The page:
Further insight into the mechanism of inhibition by oADP, oATP and orADPwas obtained by examination of the effects of these analogues on aggregation

P. H. Pearce, J. M. Wright, C. M . Egan, aiid M. C. Scrutton

induced by agonists other than ADP. In these studies we have measured both aggregation and secretion in order to discriminate between effects on the aggregation response which result from blockade of the ADP receptor with consequent impairment of the ability to respond to secreted ADP and those which result from prevention of the secretion response itself. The data obtained in such studies are shown as aggregation traces in Fig. 5 for adrenaline, collagen, vasopressin and thrombin as agonists with the extent of secretion expressed as a percentage of platelet-bound 3H released by the agonist shown in parentheses next to each trace. It is apparent that for all four agonists the 2',3'-dialdehyde analogues cause marked inhibition of secretion. Hence the inhibition of overall (collagen) or secondary (adrenaline, vasopressin, thrombin) aggregation (Fig. 5) is a secondary consequence of the diminished extent of secretion which results from addition of these analogues. This interpretation is supported by studies (data not shown) in which the aggregation and secretion responses were measured as a function of the concentration of oADP or oATP. Such studies demonstrate a reasonable correlation for a given inhibitor concentration between the extent of inhibition of secretion and the extent of inhibition of the rate and extent of aggregation induced by collagen or of the rate of secondary aggregation induced by adrenaline, vasopressin and thrombin, except that the aggregation response is somewhat more effectively inhibited in the case of collagen and thrombin. Furthermore the concentrations of the 2',3'-dialdehyde analogues required to observe 50 inhibition of the aggregation and secretion responses to these agonists are consistent with those which cause 50 '%, inhibition of aggregation induced by ADP (Table 1). In contrast orADP which is an effective inhibitor of aggregation induced by collagen and of secondary aggregation induced by thrombin and adrenaline, has little if any effect on the extent of secretion as measured by release of [3H]serotonin (Fig. 5). Secondary aggregation induced by vasopressin is also inhibited by orADP without concomitant inhibition of secretion although the effect is less marked than that observed for the other agonists (Fig. 5C). Studies of the concentration dependence of inhibition by orADP (data not shown) have shown that [1]0.5 measured for aggregation induced by collagen and secondary aggregation induced by adrenaline and thrombin is in reasonable agreement with that obtained for inhibition of aggregation induced by ADP (Table 1). It is also apparent from Fig. 5 that effects are observed on the primary phase of aggregation induced by adrenaline, vasopressin and thrombin on addition of the 2',3'-dialdehyde and -dialcoho1 analogues. For example (Fig. 5A) oADP causes a marked stimulation of the rate of primary aggregation induced by adrena-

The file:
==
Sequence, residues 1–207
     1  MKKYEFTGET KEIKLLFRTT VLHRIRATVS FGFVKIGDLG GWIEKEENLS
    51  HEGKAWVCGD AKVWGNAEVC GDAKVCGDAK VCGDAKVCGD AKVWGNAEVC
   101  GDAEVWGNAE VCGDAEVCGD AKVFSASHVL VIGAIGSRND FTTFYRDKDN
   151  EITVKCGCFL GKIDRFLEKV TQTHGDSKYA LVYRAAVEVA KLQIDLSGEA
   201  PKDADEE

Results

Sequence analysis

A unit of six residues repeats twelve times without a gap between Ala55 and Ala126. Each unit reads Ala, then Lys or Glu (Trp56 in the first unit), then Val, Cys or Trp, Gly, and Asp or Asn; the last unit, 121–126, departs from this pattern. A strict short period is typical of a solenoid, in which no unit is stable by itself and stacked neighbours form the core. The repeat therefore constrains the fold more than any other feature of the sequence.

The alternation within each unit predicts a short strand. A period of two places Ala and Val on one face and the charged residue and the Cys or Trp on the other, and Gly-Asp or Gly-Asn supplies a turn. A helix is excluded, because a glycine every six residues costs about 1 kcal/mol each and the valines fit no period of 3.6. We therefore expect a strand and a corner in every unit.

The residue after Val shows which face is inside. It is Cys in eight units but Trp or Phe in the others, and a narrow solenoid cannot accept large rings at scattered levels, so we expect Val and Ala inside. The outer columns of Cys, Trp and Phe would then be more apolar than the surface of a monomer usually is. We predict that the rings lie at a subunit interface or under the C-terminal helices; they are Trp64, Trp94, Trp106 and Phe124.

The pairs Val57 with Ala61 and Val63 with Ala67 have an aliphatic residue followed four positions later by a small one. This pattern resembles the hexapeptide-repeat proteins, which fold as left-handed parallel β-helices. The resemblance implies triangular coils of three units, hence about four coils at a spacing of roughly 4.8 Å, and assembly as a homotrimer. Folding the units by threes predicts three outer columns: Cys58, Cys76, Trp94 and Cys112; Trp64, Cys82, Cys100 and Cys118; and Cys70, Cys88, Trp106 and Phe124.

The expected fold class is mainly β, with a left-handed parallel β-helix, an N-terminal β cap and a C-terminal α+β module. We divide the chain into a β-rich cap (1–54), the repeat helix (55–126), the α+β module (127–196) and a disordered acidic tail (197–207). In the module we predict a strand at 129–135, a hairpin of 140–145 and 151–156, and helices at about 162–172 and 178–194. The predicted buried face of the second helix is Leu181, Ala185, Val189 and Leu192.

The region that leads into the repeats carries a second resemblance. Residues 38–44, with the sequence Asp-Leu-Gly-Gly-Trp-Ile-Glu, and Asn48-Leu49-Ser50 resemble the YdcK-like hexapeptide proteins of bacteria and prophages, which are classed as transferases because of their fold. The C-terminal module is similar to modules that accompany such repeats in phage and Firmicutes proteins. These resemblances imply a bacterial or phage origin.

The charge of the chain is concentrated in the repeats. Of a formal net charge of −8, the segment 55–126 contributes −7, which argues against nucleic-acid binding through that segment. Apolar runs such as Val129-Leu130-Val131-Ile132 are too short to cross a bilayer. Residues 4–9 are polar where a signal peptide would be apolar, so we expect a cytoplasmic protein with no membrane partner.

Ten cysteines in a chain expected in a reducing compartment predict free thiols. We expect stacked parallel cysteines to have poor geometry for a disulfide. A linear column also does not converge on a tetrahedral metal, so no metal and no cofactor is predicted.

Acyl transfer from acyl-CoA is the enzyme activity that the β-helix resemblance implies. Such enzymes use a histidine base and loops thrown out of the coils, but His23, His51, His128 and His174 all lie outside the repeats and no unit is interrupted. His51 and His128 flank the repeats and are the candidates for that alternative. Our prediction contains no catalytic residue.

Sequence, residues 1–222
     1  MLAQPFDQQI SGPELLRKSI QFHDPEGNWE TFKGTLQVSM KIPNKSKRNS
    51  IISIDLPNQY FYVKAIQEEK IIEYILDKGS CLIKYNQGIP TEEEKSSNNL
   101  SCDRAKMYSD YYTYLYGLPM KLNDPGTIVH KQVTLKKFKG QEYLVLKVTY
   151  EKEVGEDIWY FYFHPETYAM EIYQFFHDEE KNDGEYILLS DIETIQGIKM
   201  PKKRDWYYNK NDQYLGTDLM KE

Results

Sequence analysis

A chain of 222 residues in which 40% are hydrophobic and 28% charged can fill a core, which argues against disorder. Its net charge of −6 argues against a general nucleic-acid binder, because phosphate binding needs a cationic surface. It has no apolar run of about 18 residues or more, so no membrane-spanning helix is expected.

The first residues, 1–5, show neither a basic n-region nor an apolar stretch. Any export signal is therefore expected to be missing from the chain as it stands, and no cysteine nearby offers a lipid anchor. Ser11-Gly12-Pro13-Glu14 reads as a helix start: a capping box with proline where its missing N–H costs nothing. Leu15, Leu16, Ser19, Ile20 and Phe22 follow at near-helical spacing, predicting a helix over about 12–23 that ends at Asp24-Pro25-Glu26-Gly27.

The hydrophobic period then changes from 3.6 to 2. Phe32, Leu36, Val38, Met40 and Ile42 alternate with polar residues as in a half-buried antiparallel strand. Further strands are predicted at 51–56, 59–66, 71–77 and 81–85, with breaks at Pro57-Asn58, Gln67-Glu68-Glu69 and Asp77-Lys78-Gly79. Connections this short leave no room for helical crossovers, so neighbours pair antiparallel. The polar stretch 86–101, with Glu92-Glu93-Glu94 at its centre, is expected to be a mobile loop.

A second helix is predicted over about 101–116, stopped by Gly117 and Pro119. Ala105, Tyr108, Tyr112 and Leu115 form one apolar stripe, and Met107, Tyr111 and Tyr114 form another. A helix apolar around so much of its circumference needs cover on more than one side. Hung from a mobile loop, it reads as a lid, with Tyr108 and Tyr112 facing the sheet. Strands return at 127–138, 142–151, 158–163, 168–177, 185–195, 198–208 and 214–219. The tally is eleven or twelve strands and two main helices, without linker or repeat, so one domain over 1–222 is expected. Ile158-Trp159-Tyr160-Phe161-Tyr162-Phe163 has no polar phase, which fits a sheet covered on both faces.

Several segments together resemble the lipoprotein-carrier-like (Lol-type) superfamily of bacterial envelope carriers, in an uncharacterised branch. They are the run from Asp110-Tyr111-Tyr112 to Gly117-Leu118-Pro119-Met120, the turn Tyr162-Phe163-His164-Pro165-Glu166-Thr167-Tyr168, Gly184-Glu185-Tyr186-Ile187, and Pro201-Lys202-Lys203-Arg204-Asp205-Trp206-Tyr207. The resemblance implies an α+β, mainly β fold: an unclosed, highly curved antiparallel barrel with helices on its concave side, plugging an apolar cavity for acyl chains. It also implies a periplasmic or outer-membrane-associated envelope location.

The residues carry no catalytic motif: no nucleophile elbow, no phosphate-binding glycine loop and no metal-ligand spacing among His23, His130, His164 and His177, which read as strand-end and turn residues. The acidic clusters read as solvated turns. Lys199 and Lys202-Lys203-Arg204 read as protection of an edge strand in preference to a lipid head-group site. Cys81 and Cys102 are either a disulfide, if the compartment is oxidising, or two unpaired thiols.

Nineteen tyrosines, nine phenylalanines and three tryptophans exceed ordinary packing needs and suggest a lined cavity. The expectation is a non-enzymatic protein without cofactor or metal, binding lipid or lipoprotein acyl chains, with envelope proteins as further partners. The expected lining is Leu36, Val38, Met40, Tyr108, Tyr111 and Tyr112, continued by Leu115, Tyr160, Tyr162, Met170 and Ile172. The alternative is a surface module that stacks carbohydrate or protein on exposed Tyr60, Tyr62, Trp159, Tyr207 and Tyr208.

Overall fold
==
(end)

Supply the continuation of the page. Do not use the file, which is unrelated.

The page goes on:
549